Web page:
Management is such an important part of owning a dog. You probably do it without knowing you're doing it. In this article, we are going to talk about what is management, why we use it, management versus training and what you can do to start.
What is Management?
When your dog does a behavior that you don't want, you control their environment so you don't see the unwanted behaviors.
Unwanted Behavior = Your dog barks out the window
Management = You close the blinds
Unwanted Behavior = Dog jumps on table
Management = Keep the dog out of kitchen or chairs pushed all the way in
Why Use Management?
The main reason you use management is so you DO NOT reinforce the unwanted behaviors. You also use management because you can't pay 100% attention to your dog to make sure they don't do something you don't like.
Where people get stuck is taking the next step to actually train the dog what you want them to do instead. It's ok if you're stuck. People get used to the life they live, they don't know there are other options and training some of these behaviors can be challenging.
You want to use management as a tool to deter unwanted behaviors while you are training them to do something else in these situations.
Management Versus Training
Training is so important because if you don't tell your dog what to do, they will do what they want to do. If what they want to do is sleep on the couch when the mailman comes, great! But if what they want to do is bark at the mailman until he leaves, then you need to train them to sit quietly.
We use a combination of training and management because you simply can't expect to train all the time. "But, why not?! I want to get rid of the behavior as fast as I can!" you say. Everything with dogs takes time, consistency and patience.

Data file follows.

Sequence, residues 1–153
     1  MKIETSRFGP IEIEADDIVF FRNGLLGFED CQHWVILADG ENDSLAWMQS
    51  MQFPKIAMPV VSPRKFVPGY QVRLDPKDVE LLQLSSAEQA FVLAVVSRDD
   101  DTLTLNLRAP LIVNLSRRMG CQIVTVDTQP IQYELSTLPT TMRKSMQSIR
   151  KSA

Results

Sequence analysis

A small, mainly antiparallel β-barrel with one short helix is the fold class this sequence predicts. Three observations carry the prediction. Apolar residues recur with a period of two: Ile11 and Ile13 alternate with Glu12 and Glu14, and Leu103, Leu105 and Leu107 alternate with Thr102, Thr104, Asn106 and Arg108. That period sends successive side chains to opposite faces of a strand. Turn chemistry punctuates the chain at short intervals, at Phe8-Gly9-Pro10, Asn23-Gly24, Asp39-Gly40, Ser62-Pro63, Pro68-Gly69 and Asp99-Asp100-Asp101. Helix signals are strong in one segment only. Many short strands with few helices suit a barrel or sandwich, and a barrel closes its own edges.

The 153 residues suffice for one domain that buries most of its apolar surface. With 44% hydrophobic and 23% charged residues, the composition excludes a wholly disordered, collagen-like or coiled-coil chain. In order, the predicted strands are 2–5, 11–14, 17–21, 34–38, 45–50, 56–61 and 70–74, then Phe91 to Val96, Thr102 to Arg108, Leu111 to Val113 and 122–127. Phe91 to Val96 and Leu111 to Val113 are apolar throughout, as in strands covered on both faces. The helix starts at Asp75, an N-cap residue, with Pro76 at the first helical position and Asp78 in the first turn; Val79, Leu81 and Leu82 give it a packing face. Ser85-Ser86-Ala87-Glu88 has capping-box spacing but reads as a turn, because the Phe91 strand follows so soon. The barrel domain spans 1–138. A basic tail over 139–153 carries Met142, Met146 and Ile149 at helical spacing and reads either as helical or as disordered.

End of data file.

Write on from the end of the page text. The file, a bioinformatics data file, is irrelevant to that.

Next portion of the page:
Time: I teach my clients to devote just 5-10 minutes per day training. It sounds like such a short time but my hope is that dog owners feel like they can carve that amount of time out of each day and be 100% dedicated to training. Your dog is a constant work in progress and training should be thought of as part of life with a dog. (That's if you want a well behaved dog, of course!)
Consistency: After you have decided what you want your dog to do in certain situations, you carve out your time and train them. While training you are clear in your communication, you reward good behavior, and you challenge them to progress. Being consistent is the best way to communicate what you expect them to do, motivate them to do what you want (instead of what they want), and keep track of how far your dog has progressed.
Patience: Every day is not going to be the same. Some days may be hard for you and some days may be hard for your dog. Maybe it rained and smells insane to your dog, maybe you have a lot going on that day, or maybe something just isn't jiving between you and your dog that day. You don't want to put a lot of pressure on each training session but work with your dog to know where they are and celebrate progress.
Management helps us set the dog and ourselves up for success in challenging situations. For example, let's say your dog jumps on people when they come into your home. You are training your dog to sit in its place while people come into the door and then to say hi while staying on the ground. Then one day, your mother shows up unannounced while you are cooking dinner and your husband is playing with the kids outside. Instead of having the dog jump on your mom, you frantically run over to get the dog and the pasta sauce boil all over the stove .... you grab a kong with peanut butter out of the freezer and put the dog in the crate and help your mom walk into the house. Then you check on the pasta sauce and take the dog out. Your dog (and your guests) will appreciate the calm response during an exciting time for them.
Tipping the Scales: If you feel as though you are living a life of 100% management, start training! I recommend starting to think about the behaviors your dog does that you do not like. Then think about what you want them to do instead. Then start with just five minutes per day training them.
You'll get to a point when you're doing 10% training, 90% management .... and then 20% training and 80% management. The training gets longer because your dog doesn't need as many treats, responds quicker and farther away, and starts checking in with you more.
I hope you can believe me when I say you don't want to live a life of 100% management. It's too much pressure on you to make sure you shut the blinds, walk away from passing dogs, and tell the mailman to leave the mail in a box in the driveway. Start taking control and teaching your dog what to do, they'll appreciate it and everyone will be less stressed.